Nothing has been more frustrating to the U.S. diplomatic community than the countless rounds of talks and breakdown of talks between the Arabs and Israelis. Since 1948, American Foreign Service Officers have given their all to bringing about peace. Unfortunately, the situation remains perilous.
Many accounts provide information on what to do when your embassy is blown up, or if one is in the midst of a war or civil unrest. These accounts include those of Robert Dillon whose embassy in Beirut was hit by Islamic extremists in 1983 and Prudence Bushnell whose embassy in Nairobi was blown up by Al Qaeda in 1998. The Foreign Service has always had some danger connected to it, but the risks from terrorism are far greater today.
Asia is another long-term preoccupation of the United States, particularly the question of China’s status. There are accounts of U.S. dealings with the Chiang Kai-shek government during World War II and when it relocated to Taiwan. When the communist Chinese took over the mainland, the U.S. attempted to keep some of its consulates open, but the staffs were effectively held in captivity until all were pulled out.
The opening of China to the U.S. is the subject of a number of interviews. These include oral histories from those who accompanied Henry Kissinger on his historic trip to Beijing in 1971, from persons who did the actual work of establishing U.S. posts in that huge country, as well as from personnel who were on the ground during the events of Tiananmen Square in 1989. The collection also holds the tale of the son of missionaries in China, who, as a teenager during World War II, joined Chinese guerrillas to fight the Japanese and many years later returned as U.S. ambassador to Beijing. Staff at the embassy in Beijing suffer from a unique malady, “Death by Duck.” They are deluged by American business people who come to find markets for their various products and who insist on having a Peking duck dinner. Imagine the effects of such a dinner several times a week!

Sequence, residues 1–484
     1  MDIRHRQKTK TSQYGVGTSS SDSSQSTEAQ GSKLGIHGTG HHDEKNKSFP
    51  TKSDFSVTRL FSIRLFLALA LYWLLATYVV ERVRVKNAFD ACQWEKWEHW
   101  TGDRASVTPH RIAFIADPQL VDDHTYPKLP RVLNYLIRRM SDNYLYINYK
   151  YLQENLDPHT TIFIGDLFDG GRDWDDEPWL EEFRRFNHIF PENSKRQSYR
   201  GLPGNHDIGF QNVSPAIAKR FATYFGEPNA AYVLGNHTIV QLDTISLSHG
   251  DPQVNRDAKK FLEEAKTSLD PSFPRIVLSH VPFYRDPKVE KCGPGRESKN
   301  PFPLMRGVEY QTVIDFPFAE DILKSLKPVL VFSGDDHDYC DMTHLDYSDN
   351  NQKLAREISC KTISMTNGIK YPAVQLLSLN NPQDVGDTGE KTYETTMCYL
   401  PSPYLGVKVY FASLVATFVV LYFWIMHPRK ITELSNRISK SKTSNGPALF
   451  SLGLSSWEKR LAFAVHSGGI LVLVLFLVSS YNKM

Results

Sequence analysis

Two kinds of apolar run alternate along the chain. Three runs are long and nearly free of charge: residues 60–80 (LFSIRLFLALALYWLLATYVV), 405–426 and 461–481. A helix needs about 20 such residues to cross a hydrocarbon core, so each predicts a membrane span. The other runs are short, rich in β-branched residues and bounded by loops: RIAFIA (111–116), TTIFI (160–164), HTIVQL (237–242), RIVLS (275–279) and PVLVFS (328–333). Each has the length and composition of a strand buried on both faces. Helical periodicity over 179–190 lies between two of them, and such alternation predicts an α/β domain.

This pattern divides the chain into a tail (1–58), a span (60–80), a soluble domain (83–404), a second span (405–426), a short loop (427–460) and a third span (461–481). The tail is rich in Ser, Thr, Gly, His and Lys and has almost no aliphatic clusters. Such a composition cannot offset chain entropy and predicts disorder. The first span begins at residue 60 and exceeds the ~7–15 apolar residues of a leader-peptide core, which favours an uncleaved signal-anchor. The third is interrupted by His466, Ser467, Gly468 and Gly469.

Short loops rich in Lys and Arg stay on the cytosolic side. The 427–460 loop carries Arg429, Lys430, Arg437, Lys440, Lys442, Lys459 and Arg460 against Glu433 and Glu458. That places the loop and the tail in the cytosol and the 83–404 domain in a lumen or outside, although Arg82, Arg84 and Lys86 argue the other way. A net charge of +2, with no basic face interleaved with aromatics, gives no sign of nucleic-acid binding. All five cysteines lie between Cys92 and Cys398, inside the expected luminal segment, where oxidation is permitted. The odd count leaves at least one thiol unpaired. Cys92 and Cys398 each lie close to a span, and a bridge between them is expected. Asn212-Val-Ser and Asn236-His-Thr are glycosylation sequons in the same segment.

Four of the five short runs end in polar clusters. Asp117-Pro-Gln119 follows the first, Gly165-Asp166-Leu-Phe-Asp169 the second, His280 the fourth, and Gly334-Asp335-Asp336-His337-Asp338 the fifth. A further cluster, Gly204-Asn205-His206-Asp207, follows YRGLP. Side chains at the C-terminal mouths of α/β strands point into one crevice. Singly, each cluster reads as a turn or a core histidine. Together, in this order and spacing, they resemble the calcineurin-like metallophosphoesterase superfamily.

Regarding Indochina, there are interviews over the course of several decades. One oral history is with a man who was in Hanoi when Ho Chi Minh’s troops took over in 1954. There are other interviews with persons who left Saigon and Phnom Penh by the last helicopters in 1975. And, there is an interview with the consul general from Can Tho who fled under fire on a barge down the Mekong River. The officer took his entire staff and the families of the Vietnamese who worked for him to await rescue by our fleet off the coast. As of 2007, interviews are being conducted with those who returned to Vietnam after the opening of relations in 1995.
Allan Wendt tells what it was like to be the unarmed duty officer in the embassy building when the Viet Cong attacked it in 1968 during the Tet offensive. Luckily for him, American military police killed the Viet Cong sapper team after a battle outside the embassy building.
Africa is also well covered in the Frontline Diplomacy—from colonial days to the rise of independent nations and the problems of that glorious continent. Officers who serve in Africa take pride in living under extraordinary circumstances and have a genuine love for the countries and the people. There are several narratives that discuss evacuating embassies under fire in Liberia, Sierra Leone, and Somalia; of working in famine relief; trying to end apartheid in South Africa, and having an insufficient U.S. response to the genocide in Rwanda.